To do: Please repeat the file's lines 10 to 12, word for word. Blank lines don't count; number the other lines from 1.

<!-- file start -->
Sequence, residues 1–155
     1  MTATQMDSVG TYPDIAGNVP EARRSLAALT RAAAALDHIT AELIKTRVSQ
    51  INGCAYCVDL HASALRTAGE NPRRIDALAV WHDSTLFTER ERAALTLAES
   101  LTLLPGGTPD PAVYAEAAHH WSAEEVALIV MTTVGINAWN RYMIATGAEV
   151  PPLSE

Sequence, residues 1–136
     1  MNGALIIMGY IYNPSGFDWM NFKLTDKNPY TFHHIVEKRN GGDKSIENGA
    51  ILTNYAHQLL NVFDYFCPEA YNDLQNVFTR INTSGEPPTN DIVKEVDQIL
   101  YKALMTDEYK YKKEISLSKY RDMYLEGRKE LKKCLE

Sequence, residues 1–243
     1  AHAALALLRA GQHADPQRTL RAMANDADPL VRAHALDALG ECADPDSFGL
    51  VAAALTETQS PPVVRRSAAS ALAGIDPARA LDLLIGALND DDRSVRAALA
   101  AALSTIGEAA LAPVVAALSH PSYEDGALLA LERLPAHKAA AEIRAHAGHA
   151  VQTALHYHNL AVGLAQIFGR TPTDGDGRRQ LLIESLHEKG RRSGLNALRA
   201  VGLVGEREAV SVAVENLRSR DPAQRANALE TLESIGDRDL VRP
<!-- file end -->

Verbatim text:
Sequence, residues 1–243
     1  AHAALALLRA GQHADPQRTL RAMANDADPL VRAHALDALG ECADPDSFGL
    51  VAAALTETQS PPVVRRSAAS ALAGIDPARA LDLLIGALND DDRSVRAALA